+often it occurs.
+
 Creating
 --------
 
 The second argument to `meter` is a string describing the "units" for the meter.
 In this example it's "files", as in "18732 files".
 
-Reading
--------
-
 Writing
 -------
 
     (use '[metrics.meters :only (mark!)])
 
     (mark! files-served)
+
+Reading
+-------
+
+There are a few functions you can use to retrieve the rate at which the metered
+events occur.
+
+``rates``
+~~~~~~~~~
+
+You can get a map containing the mean rates of the event considering the last
+one, five, and fifteen minute periods with ``rates``::
+
+    (use '[metrics.meters :only (rates)])
+
+    (rates files-served)
+    => { 1 100.0,
+         5 120.0,
+        15 76.0}
+
+In this example the event happened approximately 100 times per second during the
+last one minute period, 120 times per second in the last five minute period, and
+76 times per second in the last fifteen minute period.
+
+``rate-one``
+~~~~~~~~~~~~
+
+If you only care about the rate of events during the last minute you can use
+``rate-one``::
+
+    (use '[metrics.meters :only (rate-one)])
+
+    (rate-one files-served)
+    => 100.0
+
+``rate-five``
+~~~~~~~~~~~~~
+
+If you only care about the rate of events during the last five minutes you can
+use ``rate-five``::
+
+    (use '[metrics.meters :only (rate-five)])
+
+    (rate-five files-served)
+    => 120.0
+
+``rate-fifteen``
+~~~~~~~~~~~~~~~~
+
+If you only care about the rate of events during the last fifteen minutes you
+can use ``rate-fifteen``::
+
+    (use '[metrics.meters :only (rate-fifteen)])
+
+    (rate-fifteen files-served)
+    => 76.0
+
+``rate-mean``
+~~~~~~~~~~~~~
+
+If you really want the mean rate of events over the lifetime of the meter (hint:
+you probably don't) you can use ``rate-mean``::
+
+    (use '[metrics.meters :only (rate-mean)])
+
+    (rate-mean files-served)
+    => 204.123

docs/source/timers.rst

 Timers
 ======
 
+Timers record the time it takes to do stuff.
+
 Creating
 --------
 
 
     (def image-processing-time (timer "image-processing-time"))
 
-Reading
--------
-
 Writing
 -------
 
                 (process-image-part-1 ...)
                 (process-image-part-2 ...)))
 
+Reading
+-------
+
+``percentiles``
+~~~~~~~~~~~~~~~
+
+You can use ``percentiles`` to find the percentage of actions that take less
+than or equal to a certain amount of time::
+
+    (use '[metrics.timers :only (percentiles)])
+
+    (percentiles image-processing-time)
+    => { 0.75  232.00
+         0.95  240.23
+         0.99  280.01
+         0.999 400.232
+         1.0   903.1 }
+
+This returns a map of the percentiles you probably care about.  The keys are the
+percentiles (doubles between 0 and 1 inclusive) and the values are the maximum
+time taken for that percentile.  In this example:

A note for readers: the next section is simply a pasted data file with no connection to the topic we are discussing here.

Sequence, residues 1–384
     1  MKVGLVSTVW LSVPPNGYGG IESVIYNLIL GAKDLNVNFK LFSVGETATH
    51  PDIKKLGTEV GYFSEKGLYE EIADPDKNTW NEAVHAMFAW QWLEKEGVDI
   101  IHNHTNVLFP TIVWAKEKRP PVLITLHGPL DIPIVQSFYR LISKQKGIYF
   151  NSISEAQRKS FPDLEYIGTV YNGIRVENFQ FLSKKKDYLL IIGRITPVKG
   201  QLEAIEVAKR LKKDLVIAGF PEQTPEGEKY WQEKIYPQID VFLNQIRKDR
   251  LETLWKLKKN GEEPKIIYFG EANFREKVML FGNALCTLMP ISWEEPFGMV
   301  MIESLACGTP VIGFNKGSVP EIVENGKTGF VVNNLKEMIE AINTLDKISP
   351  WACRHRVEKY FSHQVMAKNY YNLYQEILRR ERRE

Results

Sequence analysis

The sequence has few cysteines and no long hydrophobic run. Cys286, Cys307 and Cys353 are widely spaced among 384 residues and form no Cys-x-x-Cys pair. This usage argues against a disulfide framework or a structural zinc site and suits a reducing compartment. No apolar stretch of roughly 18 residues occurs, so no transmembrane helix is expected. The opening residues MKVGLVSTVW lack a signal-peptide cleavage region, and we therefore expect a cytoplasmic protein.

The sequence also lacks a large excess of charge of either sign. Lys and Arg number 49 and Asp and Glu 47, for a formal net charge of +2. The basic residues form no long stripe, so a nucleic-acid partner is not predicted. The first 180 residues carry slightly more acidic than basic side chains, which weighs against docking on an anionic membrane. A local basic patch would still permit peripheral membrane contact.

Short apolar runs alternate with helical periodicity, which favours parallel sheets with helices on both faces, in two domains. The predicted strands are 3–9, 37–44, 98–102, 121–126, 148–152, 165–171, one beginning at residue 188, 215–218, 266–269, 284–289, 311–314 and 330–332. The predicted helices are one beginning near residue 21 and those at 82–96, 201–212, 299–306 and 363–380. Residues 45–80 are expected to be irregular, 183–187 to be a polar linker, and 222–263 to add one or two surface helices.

+
+* 75% of images were processed in 232.00 milliseconds or less.
+* 95% of images were processed in 240.23 milliseconds or less.
+* ... etc.
+
+If you want a different set of percentiles just pass them as a sequence::
+
+    (use '[metrics.timers :only (percentiles)])
+
+    (percentiles image-processing-time [0.50 0.75])
+    => { 0.50 182.11
+         0.75 232.00 }
+
+``number-recorded``
+~~~~~~~~~~~~~~~~~~~
+
+To get the number of data points recorded over the entire lifetime of this
+timers::
+
+    (use '[metrics.timers :only (number-recorded)])
+
+    (number-recorded image-processing-time)
+    => 12882
+
+``smallest``
+~~~~~~~~~~~~
+
+To get the smallest data point recorded over the entire lifetime of this
+timer::
+
+    (use '[metrics.timers :only (smallest)])
+
+    (smallest image-processing-time)
+    => 80.66
+
+``largest``
+~~~~~~~~~~~
+
+To get the largest data point recorded over the entire lifetime of this
+timer::
+
+    (use '[metrics.timers :only (largest)])
+
+    (largest image-processing-time)
+    => 903.1
+
+``mean``
+~~~~~~~~
+
+To get the mean of the data points recorded over the entire lifetime of this
+timer::
+
+    (use '[metrics.timers :only (mean)])
+
+    (mean image-processing-time)
+    => 433.12
+
+``std-dev``
+~~~~~~~~~~~
+
+To get the standard deviation of the data points recorded over the entire
+lifetime of this timer::
+
+    (use '[metrics.histograms :only (std-dev)])
+
+    (std-dev image-processing-time)
+    => 300.51
+
+``sample``
+~~~~~~~~~~
+
+You can get the current sample points the timer is using with ``sample``, but
+you almost *certainly* don't care about this.  If you use it make sure you know
+what you're doing.
+
+::
+
+    (use '[metrics.timers :only (sample)])
+
+    (sample image-processing-time)
+    => [803.234 102.223 ...]
+
+
+TODO: Rates
+~~~~~~~~~~~

src/metrics/histograms.clj

 
 
 ; Write -----------------------------------------------------------------------
-(defn update!
-  ([^HistogramMetric h] (update! h 1))
-  ([^HistogramMetric h n]
-   (.update h (long n))
-   h))
+(defn update! [^HistogramMetric h n]
+  (.update h (long n))
+  h)
 
 (defn clear! [^HistogramMetric h]
   (.clear h)